• The main difference between experimental and converged theoretical spectra is due to the presence of excitons (electron-hole bound states), not treated at all in this rather elementary theoretical approach: excitons transfer some oscillator strength from the second peak (at 5 eV) to the first one (at 3 eV). Going beyond the Sum-Over-State approach, but still keeping the independent-electron approximation, e.g., in the framework of the TDDFT (adiabatic LDA) will not correct this problem. One needs to use the Bethe-Salpeter approximation, or to rely on fancy exchange-correlation kernels, to produce an optical spectrum in qualitative agreement with the experimental data. Still, trends should be correct (e.g. change of the peak positions with pressure, comparison between different semiconductors, etc.).

  • In many early theoretical spectra (including the ones in [Cohen1988]), the agreement between the theoretical and experimental band gap is artificially good. In straight DFT, one cannot avoid the band gap problem. However, it is possible to add an artificial “scissor shift”, to make the theoretical band gap match the experimental one.

  • Our theoretical spectrum presents additional deficiencies with respect to the other ones, mostly due to a still too coarse sampling of the k space (there are too many wiggles in the spectrum), and to a rather inaccurate band structure (the cut-off energy was really very low, so that the first peak only appears as a shoulder to the second peak).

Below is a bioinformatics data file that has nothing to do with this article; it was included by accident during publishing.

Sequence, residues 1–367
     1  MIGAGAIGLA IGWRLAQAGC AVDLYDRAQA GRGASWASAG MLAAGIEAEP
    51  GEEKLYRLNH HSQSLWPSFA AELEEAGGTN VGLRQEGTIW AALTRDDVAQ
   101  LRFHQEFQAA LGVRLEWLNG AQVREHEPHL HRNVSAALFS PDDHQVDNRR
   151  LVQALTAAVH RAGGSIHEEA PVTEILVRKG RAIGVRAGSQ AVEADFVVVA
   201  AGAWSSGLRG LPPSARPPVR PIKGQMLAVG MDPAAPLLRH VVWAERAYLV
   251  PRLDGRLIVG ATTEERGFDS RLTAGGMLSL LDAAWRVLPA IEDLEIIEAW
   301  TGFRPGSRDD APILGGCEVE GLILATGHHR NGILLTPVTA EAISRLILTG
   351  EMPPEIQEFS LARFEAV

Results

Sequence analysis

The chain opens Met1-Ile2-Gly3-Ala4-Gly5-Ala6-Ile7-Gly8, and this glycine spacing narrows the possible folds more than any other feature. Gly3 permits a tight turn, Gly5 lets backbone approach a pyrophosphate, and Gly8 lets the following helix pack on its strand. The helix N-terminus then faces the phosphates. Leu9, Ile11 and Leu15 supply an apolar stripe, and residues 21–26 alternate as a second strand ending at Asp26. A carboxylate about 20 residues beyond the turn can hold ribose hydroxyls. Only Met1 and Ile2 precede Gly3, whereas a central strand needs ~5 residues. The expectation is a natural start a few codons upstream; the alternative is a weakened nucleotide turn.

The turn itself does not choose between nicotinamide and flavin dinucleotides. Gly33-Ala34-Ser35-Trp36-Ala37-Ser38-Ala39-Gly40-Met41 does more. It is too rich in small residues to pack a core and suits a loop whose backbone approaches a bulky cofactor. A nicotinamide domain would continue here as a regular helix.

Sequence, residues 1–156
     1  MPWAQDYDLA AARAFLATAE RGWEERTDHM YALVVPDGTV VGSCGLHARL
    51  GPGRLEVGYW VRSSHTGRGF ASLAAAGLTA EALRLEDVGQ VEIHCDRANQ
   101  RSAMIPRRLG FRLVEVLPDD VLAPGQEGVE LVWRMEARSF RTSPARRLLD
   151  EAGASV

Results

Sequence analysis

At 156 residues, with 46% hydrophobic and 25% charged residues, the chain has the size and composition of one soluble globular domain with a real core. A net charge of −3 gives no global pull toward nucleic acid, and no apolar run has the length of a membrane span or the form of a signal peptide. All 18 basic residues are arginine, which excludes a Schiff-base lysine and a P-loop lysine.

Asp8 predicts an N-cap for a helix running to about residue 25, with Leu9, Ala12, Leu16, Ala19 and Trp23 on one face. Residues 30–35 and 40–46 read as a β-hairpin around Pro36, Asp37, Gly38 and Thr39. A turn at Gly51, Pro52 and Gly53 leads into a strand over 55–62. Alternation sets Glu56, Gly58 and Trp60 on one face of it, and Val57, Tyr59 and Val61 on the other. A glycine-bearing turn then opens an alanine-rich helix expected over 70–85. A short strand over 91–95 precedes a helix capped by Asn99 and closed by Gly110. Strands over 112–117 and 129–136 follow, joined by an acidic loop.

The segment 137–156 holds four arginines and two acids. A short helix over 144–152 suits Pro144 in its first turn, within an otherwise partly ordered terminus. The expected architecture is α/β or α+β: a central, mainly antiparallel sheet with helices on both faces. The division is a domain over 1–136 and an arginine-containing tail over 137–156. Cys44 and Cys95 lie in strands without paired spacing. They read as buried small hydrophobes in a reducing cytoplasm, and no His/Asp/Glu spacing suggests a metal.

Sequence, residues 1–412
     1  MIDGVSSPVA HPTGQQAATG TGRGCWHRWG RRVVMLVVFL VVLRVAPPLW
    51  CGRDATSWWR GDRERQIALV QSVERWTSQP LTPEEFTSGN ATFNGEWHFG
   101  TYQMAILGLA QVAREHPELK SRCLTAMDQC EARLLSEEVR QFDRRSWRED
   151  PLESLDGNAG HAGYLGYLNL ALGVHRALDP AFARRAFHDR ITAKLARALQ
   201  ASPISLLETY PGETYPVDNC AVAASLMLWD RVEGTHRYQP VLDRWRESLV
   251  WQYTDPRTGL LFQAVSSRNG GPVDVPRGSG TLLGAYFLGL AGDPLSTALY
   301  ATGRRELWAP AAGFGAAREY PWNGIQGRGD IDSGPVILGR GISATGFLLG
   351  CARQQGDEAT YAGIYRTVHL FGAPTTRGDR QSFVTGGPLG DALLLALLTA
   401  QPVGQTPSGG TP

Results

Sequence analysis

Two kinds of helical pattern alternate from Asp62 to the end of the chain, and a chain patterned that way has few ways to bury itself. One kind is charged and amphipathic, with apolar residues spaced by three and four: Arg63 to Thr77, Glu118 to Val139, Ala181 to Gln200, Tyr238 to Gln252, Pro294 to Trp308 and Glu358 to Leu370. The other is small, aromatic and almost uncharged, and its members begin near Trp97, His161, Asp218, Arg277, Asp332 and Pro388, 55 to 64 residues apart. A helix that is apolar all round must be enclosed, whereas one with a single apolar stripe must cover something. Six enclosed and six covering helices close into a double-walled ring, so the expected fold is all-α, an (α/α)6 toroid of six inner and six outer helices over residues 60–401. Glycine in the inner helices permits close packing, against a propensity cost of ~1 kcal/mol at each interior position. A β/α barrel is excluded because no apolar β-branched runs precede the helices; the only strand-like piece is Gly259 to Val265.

The real part of the spectrum is related by the Kramers-Kronig relation to the imaginary part. We note that the deficiencies of the imaginary part of the spectrum translate to the real part: the first peak is too low, and the second peak too high, while the spectrum correctly changes sign around 5 eV, and stays negative below 8 eV.

In our simulation, more empty states are needed to obtain a better behaviour. Also, the limiting low-frequency value is only 4.3, while it should be on the order of 10. This can be corrected by increasing the cut-off energy, the k point sampling and the number of unoccupied states.

Similar considerations apply to the non-linear spectra.

Faster computation of the imaginary part of the linear optical response

In the case of the imaginary part of the linear optical response, there are several points that make the calculation easier:

  • The time-reversal symmetry can be used to decrease the number of k points by a factor of two (this is also true for the computation of the real spectrum);